University of California, Riverside

Department of Chemistry




Cynthia Larive
Professor of Chemistry & Divisional Dean


South Dakota State University - B.S. (1980)
Purdue University - M.S. (1982)
University of California, Riverside - Ph.D. (1992)
University of Illinois - Visiting Scholar (2001)
Associate Editor, Analytical Chemistry

Office: 328 Chemical Sciences
Phone O/L: (951) 827-2990/3080
Research Area: Analytical Chemistry, Chemical Biology


Our research group works mainly in the area of bioanalytical chemistry. We take a problem solving approach to analytical chemistry that involves identifying interesting problems, and applying various analytical tools to address the question at hand. Therefore, we employ a variety of analytical techniques in our research including separations (CE, HPLC, UPLC. GC) and characterization tools, especially NMR and mass spectrometry. Sometimes we find that the technology needs to be improved to allow us to fully address a question of interest.

Development and Application of Microcoil NMR Probes

One area where we are involved in technology development is in the use of microcoil NMR probes to improve the sensitivity of NMR measurements. Microcoil NMR probes constructed in our laboratory, capable of measuring volumes of 25 nL, permit on-line NMR detection with capillary isotachophoresis (cITP). An example of an NMR microcoil is shown in this photo. The coil, approximately 1 mm in length, is made by winding copper wire around a polyimide sleeve. Our group is using the on-line concentration and separation method of cITP coupled with NMR detection to study a number of problems related to structure elucidation including analysis of trace pharmaceutical impurities and characterization of heparin and heparan oligosaccharides.

Characterization and Biochemistry of Heparin and Heparan Sulfate

Analysis strategies are being developed in our laboratory to greatly reduce the quantity of heparin or heparan sulfate required for structure elucidation. Oligosaccharides are obtained by enzymatic depolymerization and are size-separated by gel permeation chromatography. The size-fractionated materials are profiled using capillary electrophoresis and fractionated further with ion-pairing UPLC. With cITP-NMR using our microcoil NMR probes, a proton NMR spectrum can be obtained during the on-line separation with as little as 1 - 2 micrograms of sample. Complete 2D NMR spectra can be recorded in static mode with 20 - 30 micrograms. Since NMR is non-destructive, samples can be collected for subsequent MS/MS characterization using our Q-TOF mass spectrometer.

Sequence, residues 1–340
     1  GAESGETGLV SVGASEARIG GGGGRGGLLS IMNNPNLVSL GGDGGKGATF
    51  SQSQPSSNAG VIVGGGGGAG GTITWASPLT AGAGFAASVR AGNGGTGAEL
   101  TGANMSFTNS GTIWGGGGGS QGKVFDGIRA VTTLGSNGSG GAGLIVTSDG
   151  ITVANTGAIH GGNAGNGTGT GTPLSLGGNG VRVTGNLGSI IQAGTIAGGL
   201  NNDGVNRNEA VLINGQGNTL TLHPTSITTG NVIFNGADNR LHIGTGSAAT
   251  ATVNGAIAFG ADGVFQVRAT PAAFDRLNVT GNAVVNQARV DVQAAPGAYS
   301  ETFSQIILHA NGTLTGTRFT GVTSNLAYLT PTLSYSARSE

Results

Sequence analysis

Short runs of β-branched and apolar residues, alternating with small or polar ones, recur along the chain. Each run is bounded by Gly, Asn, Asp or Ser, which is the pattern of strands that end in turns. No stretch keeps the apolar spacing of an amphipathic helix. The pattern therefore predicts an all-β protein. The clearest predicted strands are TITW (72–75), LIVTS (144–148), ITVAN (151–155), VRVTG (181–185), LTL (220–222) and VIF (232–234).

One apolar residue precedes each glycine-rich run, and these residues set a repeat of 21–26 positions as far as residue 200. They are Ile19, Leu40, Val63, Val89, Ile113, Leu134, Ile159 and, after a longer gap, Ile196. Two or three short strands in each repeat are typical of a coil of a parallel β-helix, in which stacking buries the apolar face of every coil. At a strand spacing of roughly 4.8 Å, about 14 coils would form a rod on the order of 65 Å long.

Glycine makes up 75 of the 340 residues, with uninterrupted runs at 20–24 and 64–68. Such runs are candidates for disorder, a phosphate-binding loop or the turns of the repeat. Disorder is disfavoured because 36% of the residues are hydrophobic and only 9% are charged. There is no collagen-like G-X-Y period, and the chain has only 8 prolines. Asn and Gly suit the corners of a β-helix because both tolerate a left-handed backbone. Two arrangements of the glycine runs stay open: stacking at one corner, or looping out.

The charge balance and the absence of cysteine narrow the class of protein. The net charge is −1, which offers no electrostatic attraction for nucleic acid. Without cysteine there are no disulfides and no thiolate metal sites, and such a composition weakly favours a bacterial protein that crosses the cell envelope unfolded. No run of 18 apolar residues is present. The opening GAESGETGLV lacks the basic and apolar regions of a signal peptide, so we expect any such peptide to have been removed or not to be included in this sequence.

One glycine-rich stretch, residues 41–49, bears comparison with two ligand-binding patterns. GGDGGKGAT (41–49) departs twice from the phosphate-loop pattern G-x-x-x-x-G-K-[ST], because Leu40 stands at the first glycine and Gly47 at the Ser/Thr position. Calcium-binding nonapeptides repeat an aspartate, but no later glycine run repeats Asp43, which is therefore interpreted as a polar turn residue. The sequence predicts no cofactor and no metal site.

Metabonomics Studies for Chemical Genomics in Arabidopsis thaliana

The goal of metabonomics studies is to collect as much chemical information as possible about the identity and relative concentrations of endogenous metabolites in samples from control and treated (perturbed) organisms. The choice of perturbation is at the discretion of the experimenter and can be designed to probe the effects of a drug, toxicant or genetic modification. In our case, we are probing the effect of chemicals (for example herbicides) applied to plants. In collaboration with Julia Bailey-Serres we are also studying the response of plants to hypoxia. Analytical methods such as 1H NMR, LC-MS and GC-MS are used in metabonomics studies because they produce data sets with high information content. Data reduction by principal components analysis (PCA) or other statistical methods is used to group samples based on their chemical similarity and to identify the compounds responsible for differences between the control and treated groups.

Understanding Ligand-Protein Interactions

Specific ligand-protein interactions are integral to the ability of proteins to carry out processes vital for human life such as enzymatic transformations, receptor and antibody recognition, and signal transduction. Therefore the study of ligand-protein interactions is important for understanding the biochemical basis of many diseases and provides an opportunity for the development of pharmaceutical compounds with agonistic or inhibitory activity. NMR is a useful analytical tool for the study of ligand-protein binding, because changes can be detected when a small ligand interacts with a macromolecular target without the need for special labels. We have developed experiments that provide improved spectral selectivity in ligand binding studies by manipulation of NMR pulse sequences to reduce the protein background or enhance specificity in cases where several ligands are studied simultaneously. In addition to providing information about the strength of the interaction, the build-up of transferred-NOEs during the diffusion experiment can provide insight into the nature of ligand-protein binding and can be used to prepare an epitope map of the ligand which is useful for the elucidation of structure activity relationships.


Selected Publications


More Information 

General Campus Information

University of California, Riverside
900 University Ave.
Riverside, CA 92521
Tel: (951) 827-1012

Department Information

Department of Chemistry
Chemical Sciences
501 Big Springs Road

Tel: (951) 827-3789 (Chair's Assistant)
Fax: (951) 827-2435 (confidential)